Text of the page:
This Apple situation is messy. The FBI chose a good battle ground. They know they probably don’t actually need anything on that specific phone. The shooter destroyed some other phones but left this one alone which indicates that he knew what type of data might be incriminating and this phone didn’t contain any. This phone was his business phone which means it belonged to his employer and he was employed by the local government. So a lot of the typical privacy arguments don’t apply here. He had signed a paper saying that his employer had a right to everything on that phone. So the government should have a right to get into the phone, right? Not quite…

All Apple phones (and lots of other brands too) are fully encrypted. If you don’t have the passcode, then not even Apple can break the encryption. Depending on the strength of your password, you potentially need more computing power than the world possesses right now to break the encryption. That’s a great thing, but there’s a loophole that the FBI is trying to exploit. They want Apple to create a custom version of the operating system that will allow them to guess the password to unlock the phone. Normally the operating system enforces a five second delay between guesses to make brute force guessing impractical. There’s also a limit on how many times you can guess incorrectly before the phone is completely locked forever. Those limits in the operating system can’t be easily removed. The phone is built so that it will only run an operating system that is digitally signed by Apple. This protects you against a lot of malware because there’s no way for an attacker to fake the digital signature.  The government is trying to force Apple to create a one-off version of the operating system and sign it with their digital key. This would give the FBI the ability to try to guess the short password to unlock the phone. Once it’s unlocked then all the data is unencrypted and voila!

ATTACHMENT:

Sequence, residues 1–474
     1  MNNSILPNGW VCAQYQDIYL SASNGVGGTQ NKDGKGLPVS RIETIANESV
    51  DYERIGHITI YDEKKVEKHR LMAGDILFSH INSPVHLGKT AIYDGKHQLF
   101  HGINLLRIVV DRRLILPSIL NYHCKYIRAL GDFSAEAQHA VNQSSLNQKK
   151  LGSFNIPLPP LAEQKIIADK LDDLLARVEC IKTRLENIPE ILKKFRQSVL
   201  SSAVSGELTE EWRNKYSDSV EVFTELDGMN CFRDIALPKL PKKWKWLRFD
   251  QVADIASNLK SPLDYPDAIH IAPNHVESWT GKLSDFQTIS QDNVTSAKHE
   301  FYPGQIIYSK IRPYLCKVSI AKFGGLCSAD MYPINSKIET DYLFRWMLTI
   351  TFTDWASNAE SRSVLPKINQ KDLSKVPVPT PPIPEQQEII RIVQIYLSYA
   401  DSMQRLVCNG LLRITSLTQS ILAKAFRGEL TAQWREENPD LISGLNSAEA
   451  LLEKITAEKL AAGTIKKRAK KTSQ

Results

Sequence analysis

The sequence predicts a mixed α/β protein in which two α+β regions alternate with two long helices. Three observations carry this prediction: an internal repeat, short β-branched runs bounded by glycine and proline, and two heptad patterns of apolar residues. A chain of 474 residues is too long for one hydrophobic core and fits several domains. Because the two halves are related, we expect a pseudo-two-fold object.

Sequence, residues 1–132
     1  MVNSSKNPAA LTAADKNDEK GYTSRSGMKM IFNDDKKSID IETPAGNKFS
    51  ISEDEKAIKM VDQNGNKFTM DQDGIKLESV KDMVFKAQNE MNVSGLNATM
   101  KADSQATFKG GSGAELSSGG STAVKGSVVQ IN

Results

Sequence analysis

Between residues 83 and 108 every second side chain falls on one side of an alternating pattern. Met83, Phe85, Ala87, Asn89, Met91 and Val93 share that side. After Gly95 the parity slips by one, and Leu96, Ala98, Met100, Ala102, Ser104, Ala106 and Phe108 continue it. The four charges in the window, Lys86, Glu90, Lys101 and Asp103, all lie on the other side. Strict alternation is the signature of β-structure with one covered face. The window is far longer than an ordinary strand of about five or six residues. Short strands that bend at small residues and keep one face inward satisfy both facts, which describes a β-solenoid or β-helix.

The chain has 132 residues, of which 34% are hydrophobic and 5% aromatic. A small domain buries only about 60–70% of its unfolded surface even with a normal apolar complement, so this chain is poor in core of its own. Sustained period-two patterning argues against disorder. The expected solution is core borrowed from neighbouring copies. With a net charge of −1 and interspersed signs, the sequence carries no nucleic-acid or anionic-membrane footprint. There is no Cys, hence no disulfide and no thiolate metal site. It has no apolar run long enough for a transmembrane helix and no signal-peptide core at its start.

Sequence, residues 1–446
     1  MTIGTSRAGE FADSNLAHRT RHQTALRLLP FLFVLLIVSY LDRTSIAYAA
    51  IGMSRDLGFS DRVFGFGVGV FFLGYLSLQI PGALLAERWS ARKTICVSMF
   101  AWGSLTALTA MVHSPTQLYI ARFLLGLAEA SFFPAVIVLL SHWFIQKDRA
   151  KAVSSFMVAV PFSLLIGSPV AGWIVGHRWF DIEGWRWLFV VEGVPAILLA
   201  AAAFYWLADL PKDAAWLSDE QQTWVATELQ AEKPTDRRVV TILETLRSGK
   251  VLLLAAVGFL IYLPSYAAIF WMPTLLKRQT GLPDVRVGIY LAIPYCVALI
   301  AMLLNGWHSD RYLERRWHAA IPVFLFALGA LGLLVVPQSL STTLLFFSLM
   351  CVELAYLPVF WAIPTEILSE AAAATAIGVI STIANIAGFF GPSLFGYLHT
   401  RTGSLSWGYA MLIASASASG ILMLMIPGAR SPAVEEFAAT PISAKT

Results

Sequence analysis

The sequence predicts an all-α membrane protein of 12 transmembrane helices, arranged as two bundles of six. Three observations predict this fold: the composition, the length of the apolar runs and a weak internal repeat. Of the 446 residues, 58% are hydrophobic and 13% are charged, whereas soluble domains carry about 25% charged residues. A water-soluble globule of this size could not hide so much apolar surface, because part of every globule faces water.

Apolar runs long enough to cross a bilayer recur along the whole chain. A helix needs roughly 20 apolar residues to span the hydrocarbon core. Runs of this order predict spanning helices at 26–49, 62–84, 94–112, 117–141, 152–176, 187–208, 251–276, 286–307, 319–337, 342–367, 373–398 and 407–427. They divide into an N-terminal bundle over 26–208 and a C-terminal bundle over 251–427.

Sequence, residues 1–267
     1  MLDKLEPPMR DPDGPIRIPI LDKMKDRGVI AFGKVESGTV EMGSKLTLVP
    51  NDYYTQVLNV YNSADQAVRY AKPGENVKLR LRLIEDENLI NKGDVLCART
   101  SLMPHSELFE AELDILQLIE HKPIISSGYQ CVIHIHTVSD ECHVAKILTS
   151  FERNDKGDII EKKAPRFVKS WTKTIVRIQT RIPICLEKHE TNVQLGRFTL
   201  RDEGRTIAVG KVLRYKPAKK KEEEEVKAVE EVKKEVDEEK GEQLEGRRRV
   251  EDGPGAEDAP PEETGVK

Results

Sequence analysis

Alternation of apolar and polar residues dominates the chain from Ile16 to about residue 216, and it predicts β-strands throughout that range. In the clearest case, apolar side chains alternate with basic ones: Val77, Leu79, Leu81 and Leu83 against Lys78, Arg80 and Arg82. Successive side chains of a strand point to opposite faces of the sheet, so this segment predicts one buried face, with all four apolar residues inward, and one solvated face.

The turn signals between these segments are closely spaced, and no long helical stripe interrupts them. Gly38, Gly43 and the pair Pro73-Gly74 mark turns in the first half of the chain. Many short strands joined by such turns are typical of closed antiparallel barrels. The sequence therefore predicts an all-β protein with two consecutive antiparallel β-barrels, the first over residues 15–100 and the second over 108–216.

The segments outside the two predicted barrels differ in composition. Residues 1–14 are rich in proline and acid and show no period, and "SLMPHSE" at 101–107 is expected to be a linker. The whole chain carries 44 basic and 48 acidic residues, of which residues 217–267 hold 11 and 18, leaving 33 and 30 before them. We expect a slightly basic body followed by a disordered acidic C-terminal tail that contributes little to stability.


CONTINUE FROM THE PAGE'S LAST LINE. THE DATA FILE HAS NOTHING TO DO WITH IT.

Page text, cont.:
This sets a very scary precedent which basically says that no matter what great security and encryption measures a company puts in place, the government can force the company to break them. It’s a bad situation to be in because it doesn’t actually stop anyone from taking their security into their own hands and really keeping it safe. Additionally, this hurts American businesses because what other government is going to trust our products if they see a precedent like this get set?

This is a win-win for the FBI. If their request is granted, they have legally set an enormous precedent which gives them a huge amount of power. And if they lose, public outcry from less technical citizens will be for lawmakers to jump in and create some kind of “backdoor” loophole law for the future so that this kind of thing doesn’t happen again. This is probably an even worse situation than the legal precedent I just described in the last paragraph. If you create a back door or magic key to break security and encryption, you have effectively negated the benefits of that security system. The back door WILL be found by the bad guys and even worse, you won’t know when they find it or when they are using it. It’s impossible to create a perfectly secure back door.